Who doesn’t like a good fantasy? Dashing knights, greedy dragons, fair maidens, odious goblins, perilous elf women, cunning trolls… it doesn’t get any better than that!
But it sure can get a lot worse. And it certainly has. From the inspiring heights of Dunsany, Howard, and Tolkien, fantasy has descended into grime and incoherence with each passing decade. In the silver age it had to pay tribute to sticklers, hecklers, modernists, and socialists– slipping under the radar as “science fantasy” as it did under the hand of authors like de Camp and Pratt. And don’t get me wrong, some good stuff was created in this period to be sure. Luckily fantasy winter didn’t last too long and writers like Leiber, Moorcock, and Zelazny made the signature works of the bronze age.
Not everyone saw this correction in the fantasy marketplace as a good thing. And if critics like Joanna Russ didn’t quite declare epic fantasy dead, then they certainly declared it bad and would have gladly pushed it back underground again like it had before the swords & sorcery revival if they could. But Tolkien being amply available in paperback format combined with the sensational cargo cult that was Dungeons & Dragons ensured that the genie was more or less permanently out of the bottle: the iron age dawned with works like Sword of Shannara, Lord Foul’s Bane, and the veritable deluge of Dragonlance and Forgotten Realms novels.
Where are we now…? Firmly in the dung age where fantasy is exemplified by Game of Thrones and the people trying to outdo George R. R. Martin in their explorations of wretchedness, depravity, and awfulness. I know, the next stage really should have had some redeeming qualities– iron mixed in with the clay as it were– but it really doesn’t. And episode three of BBC’s The Last Kingdom does an excellent job of illustrating why.
In the first place, everyone looks positively filthy, as if the feces-covered peasants of Monty Python and the Holy Grail were the touchstone of historical realism. The Christian characters are shown to be superstitiously pious and highly judgmental of the lax morals of the devilish “heathen” than have conquered what would ultimately become England. But though marriage is supposedly integral to their great enlightenment over and against the pagan Vikings, the filmmakers go to great lengths to establish that none of the people that matter are capable of governing their appetites for fornication and adultery for even half a day– even in a very small community where everyone knows everyone else and no one can keep a secret. This makes half of the players more than just uninspiring and unlikable. It makes them downright odious.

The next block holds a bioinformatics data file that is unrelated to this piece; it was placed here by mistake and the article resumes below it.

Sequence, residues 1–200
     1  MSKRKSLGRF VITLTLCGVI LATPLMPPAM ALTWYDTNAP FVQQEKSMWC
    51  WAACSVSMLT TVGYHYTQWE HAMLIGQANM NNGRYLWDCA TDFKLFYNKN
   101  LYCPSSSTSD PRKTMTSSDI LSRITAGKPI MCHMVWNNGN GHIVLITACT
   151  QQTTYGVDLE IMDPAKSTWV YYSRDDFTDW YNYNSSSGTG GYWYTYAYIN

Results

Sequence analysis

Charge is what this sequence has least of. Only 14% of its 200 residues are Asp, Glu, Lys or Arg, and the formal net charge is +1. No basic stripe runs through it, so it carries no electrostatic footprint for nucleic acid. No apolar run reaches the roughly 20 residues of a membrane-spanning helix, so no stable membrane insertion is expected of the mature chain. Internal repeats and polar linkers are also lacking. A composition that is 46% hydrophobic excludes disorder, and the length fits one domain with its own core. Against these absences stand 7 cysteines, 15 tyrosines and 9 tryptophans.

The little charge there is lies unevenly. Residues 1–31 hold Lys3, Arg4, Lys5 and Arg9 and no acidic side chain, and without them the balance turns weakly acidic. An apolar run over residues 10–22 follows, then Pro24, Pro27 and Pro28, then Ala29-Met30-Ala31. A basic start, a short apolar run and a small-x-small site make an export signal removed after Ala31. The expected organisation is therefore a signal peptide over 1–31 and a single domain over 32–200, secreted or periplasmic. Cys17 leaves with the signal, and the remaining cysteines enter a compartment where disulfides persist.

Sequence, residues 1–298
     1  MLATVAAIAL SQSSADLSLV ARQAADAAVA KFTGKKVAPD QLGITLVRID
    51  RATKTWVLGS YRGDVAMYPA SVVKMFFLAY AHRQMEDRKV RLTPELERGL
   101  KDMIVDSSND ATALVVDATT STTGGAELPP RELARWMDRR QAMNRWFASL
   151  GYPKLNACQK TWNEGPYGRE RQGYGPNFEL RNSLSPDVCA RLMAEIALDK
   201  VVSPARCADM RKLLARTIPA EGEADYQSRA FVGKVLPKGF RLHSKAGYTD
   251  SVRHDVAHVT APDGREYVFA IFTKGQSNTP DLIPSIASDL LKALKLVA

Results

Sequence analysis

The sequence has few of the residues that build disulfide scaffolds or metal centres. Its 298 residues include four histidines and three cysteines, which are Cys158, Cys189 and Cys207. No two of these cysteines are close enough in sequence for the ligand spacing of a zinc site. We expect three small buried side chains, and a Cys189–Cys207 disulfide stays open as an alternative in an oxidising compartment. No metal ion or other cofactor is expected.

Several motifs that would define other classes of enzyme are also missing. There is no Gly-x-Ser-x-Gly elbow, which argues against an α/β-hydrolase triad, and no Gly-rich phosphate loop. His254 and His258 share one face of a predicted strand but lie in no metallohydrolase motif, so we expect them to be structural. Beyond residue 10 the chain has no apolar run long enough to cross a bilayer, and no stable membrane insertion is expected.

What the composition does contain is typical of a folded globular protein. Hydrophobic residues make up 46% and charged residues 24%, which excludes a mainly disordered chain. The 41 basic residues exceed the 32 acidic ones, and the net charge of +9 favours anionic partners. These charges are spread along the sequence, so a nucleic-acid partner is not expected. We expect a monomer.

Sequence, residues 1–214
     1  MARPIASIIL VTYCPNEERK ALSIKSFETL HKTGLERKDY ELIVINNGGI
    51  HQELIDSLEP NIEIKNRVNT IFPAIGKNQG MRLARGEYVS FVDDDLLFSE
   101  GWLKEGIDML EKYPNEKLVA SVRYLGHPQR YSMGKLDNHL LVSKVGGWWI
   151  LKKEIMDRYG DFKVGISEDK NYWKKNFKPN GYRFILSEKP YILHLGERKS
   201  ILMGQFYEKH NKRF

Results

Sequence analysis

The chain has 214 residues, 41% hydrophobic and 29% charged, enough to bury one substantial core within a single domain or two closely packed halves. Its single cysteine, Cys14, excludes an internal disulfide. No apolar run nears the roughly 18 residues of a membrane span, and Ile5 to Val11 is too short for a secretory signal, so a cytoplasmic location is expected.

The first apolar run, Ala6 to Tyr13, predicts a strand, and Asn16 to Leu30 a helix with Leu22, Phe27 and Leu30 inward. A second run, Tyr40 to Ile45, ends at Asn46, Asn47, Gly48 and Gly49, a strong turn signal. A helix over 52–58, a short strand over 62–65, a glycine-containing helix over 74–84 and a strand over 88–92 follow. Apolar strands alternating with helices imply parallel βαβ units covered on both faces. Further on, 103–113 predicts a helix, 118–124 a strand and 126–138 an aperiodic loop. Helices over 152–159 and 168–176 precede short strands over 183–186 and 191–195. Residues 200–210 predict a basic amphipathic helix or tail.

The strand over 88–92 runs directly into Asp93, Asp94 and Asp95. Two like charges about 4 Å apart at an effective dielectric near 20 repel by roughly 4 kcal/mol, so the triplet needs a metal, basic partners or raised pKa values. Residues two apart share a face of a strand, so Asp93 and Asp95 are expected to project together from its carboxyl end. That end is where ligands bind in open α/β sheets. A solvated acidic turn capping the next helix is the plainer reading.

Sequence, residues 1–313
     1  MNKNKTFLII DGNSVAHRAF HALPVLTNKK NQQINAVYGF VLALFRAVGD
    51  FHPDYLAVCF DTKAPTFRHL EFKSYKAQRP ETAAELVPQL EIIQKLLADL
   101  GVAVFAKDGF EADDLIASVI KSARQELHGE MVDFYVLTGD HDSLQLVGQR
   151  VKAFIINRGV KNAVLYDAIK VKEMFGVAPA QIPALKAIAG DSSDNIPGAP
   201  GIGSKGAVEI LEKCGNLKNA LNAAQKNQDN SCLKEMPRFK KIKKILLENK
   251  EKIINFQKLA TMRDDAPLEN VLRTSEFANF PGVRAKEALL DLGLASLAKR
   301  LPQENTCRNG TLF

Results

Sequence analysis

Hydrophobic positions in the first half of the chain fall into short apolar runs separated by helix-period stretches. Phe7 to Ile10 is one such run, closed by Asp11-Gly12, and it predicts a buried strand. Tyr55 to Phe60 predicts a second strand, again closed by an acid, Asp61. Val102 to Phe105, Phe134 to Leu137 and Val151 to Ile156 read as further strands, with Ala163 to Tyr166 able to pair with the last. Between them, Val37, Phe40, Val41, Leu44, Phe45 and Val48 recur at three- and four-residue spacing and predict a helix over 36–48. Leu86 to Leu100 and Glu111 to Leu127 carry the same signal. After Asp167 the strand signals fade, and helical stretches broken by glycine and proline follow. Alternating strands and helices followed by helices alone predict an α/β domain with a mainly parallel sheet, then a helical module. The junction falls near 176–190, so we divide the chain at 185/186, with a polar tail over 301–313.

As bad as Christendom comes off here, Breeda the Saxon girl raised by Vikings is even worse. She could have been cute. She could have been fun. She could have been nice. Instead she is a nagging, loud mouthed, foul mouthed and sassy lout that cannot hold her tongue to save her life. And that’s a shame, really, because pagan’s celebrated any number of virtues that she could have exemplified. Instead we get a repeat of the “hand on glass” moment from Titanic as she and the protagonist (I can’t call him a “hero”) go at it like dogs right in the middle of Alfred’s anointing.
The way the BBC contrasts this with the religious elements here, it’s as if they are absolutely mortified that anyone among their history had anything to do with the church. Meanwhile, Breeda lets everyone know how stupid she thinks they are– and yeah, I can’t help but agree with her on that– as she wanders off to get high off of mushrooms. Incredibly, she sees a vision of the future! So while the Christians are depicted as being lame and superstitious for swearing oaths on their holy relics and so forth, har har har! the even more dung-covered and flea-ridden pagans are shown to have real honest to goodness supernatural powers. It makes you think!
And yet the story-tellers are not done making you feel gross and beaten down. A consequence of Breeda’s free love and drug use is shown to be… a miscarriage. And that is the anti-climax of the episode. At which point I can’t help but hope that this train wreck of a character gets shipped off to another island where she can be a part of plot threads that don’t make the cut for the rest of the series. Good riddance!
What is left, after all, when you set out to create a fantasy where no one is even remotely likable, where no one really believes anything, and where everyone’s worst moments and least flattering aspects take center stage? A bunch of dirty people with absolutely no redeeming qualities who don’t have even a tithe of the epic appeal of characters like Conan and Aragorn or even Harold Shea and Elric.
This show is horrible. And it’s past time for fantasy to just start over.